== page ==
Brazilian police say daughter used psychic scam to steal from mother

Brazilian police say daughter used psychic scam to steal from mother

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A rich, elderly widow was leaving a Brazilian bank in January 2020 when a psychic approached with a terrible prophecy: Her daughter would soon get sick and die.

To prove it, the fortune teller had the widow participate in a divination game involving cowrie shells, then took her to two more seers who spoke of freeing her daughter from the “bad spirit” that would soon plague her, Brazilian newspaper Correio Braziliense reported.

The widow, Geneviève Boghici, grew skeptical when the psychics charged her the Brazilian equivalent of nearly $1 million for their soothsaying services, and she turned to her daughter for advice, according to Correio Braziliense.

She told her mother to pay them right away, the newspaper reported.

Over the next two weeks, the 82-year-old followed that advice by shelling out about $970,000 for “spiritual treatment” in the start of what police in Brazil are alleging was a multimillion-dollar scam led by the very daughter whose counsel Boghici trusted. Instead of honoring that confidence, police said the daughter for years orchestrated a group of purported psychics to swindle about $140 million worth of high-end art, jewelry and money from her mother.

On Wednesday, Rio de Janeiro police assigned to working cases of elderly abuse arrested four members of the gang that preyed on Boghici, police said in a statement. According to Reuters, those in custody included the daughter, and they face charges of embezzlement, robbery, extortion, false imprisonment and criminal association.

In total, police believe at least six people were involved, meaning the investigation continues.

The scam started that day in January 2020 when 48-year-old Sabine Boghici allegedly fed inside information to the psychics she sent to bump into her mother, intelligence they would use to gain her confidence, Reuters reported.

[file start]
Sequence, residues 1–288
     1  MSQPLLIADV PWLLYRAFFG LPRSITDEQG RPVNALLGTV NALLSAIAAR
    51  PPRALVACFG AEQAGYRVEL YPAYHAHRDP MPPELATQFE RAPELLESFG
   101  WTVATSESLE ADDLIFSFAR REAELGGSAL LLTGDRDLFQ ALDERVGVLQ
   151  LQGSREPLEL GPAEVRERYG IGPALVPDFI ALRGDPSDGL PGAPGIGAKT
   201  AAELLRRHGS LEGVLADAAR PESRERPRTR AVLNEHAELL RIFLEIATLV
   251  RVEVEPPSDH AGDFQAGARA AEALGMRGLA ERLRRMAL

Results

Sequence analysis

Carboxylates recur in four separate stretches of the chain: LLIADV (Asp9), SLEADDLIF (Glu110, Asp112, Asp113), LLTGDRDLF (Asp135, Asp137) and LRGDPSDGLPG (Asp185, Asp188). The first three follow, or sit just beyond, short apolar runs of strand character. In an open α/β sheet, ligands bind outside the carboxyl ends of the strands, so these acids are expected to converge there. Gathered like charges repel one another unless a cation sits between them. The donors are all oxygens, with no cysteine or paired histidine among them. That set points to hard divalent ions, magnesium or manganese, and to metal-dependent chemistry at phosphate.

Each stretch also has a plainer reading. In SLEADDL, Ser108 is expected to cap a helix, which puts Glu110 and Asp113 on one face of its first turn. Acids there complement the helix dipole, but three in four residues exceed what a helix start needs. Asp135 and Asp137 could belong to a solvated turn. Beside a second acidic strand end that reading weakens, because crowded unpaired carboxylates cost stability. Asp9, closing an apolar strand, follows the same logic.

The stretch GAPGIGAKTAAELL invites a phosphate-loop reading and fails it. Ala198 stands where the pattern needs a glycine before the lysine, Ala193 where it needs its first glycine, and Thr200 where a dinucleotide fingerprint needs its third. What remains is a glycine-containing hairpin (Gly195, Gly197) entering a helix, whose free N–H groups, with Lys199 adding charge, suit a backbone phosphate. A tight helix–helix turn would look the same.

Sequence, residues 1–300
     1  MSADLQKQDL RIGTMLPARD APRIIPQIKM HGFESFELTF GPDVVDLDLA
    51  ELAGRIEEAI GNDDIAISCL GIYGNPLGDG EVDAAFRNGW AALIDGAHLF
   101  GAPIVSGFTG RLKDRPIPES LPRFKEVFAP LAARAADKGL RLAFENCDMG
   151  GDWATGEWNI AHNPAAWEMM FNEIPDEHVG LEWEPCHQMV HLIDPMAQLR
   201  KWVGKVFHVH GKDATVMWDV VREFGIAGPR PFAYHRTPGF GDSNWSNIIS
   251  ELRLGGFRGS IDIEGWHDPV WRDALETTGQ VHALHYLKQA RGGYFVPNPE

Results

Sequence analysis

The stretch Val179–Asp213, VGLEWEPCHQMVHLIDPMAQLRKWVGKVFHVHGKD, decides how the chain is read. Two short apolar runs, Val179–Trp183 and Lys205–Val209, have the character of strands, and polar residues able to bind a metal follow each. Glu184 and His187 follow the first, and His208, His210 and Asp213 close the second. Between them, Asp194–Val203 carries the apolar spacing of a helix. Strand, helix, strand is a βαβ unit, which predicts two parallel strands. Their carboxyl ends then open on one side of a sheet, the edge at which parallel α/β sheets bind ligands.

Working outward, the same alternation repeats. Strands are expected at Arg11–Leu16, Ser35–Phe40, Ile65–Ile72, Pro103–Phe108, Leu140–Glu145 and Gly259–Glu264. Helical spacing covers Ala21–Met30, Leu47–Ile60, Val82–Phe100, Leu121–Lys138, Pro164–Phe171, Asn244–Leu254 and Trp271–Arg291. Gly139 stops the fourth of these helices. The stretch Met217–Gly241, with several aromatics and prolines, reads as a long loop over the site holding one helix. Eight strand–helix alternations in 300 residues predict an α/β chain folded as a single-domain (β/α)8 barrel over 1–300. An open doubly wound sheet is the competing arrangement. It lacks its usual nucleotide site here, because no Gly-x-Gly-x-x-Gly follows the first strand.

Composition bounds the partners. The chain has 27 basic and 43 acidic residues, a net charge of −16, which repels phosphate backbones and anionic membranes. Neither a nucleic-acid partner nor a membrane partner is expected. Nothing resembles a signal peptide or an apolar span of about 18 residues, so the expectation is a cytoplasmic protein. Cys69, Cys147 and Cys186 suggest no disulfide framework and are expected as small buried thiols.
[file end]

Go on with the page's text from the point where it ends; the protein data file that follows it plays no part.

After hooking her mother, Sabine and her accomplices allegedly spent months maintaining the con to bilk the woman out of money, jewelry and artwork. In one part of the charade, Sabine and an accomplice masquerading as a psychic “began to take the artwork from the [mother’s] house, claiming that the painting was cursed with something negative, with negative energy that needed to be prayed over,” Rio de Janeiro police officer Gilberto Ribeiro told Reuters.

Sabine then allegedly fired her mother’s domestic workers so her accomplices could enter the home and take the artwork unimpeded, the Associated Press reported. When, at one point, her mother refused to keep making cash payments, Sabine allegedly took away her cellphone, stopped feeding her and threatened her with a knife, according to Correio Braziliense.

Over the course of the scam, the suspects are accused of stealing 16 pieces of art, including museum-quality paintings from Brazilian masters Tarsila do Amaral and Emiliano Di Cavalcanti, according to the AP. Three of the stolen works — “O Sono,” “Sol Poente” and “Pont Neuf” — were painted by Amaral, described by the Museum of Modern Art as a “daring modernist” with a “signature style of sensuous, vibrant landscapes and everyday scenes.”

During a raid of the home of one of the purported psychics, police found 11 paintings under a bed, Reuters reported. At the bottom of the pile, they discovered “Sol Poente,” which investigators said was valued at about $48.5 million.

Police captured on video the moment an officer discovered the work, according to the AP.

“Wow! Look who’s here!” the officer exclaimed as she removed bubble wrap from the painting. “Oh, little beauty. Glory!”

The painting is a lush depiction of unidentified mammals wading through blue waters. Behind them, a green tree, a green hill, some green cactuses. Behind everything, a brilliant, radiating sun rippling throughout and dominating the background.

The title of the multimillion-dollar masterpiece — allegedly stolen and stashed away only to be unearthed at the unseemly end of an unraveling art plot — translates as “Setting Sun.”

María Luisa Paúl contributed to this report.

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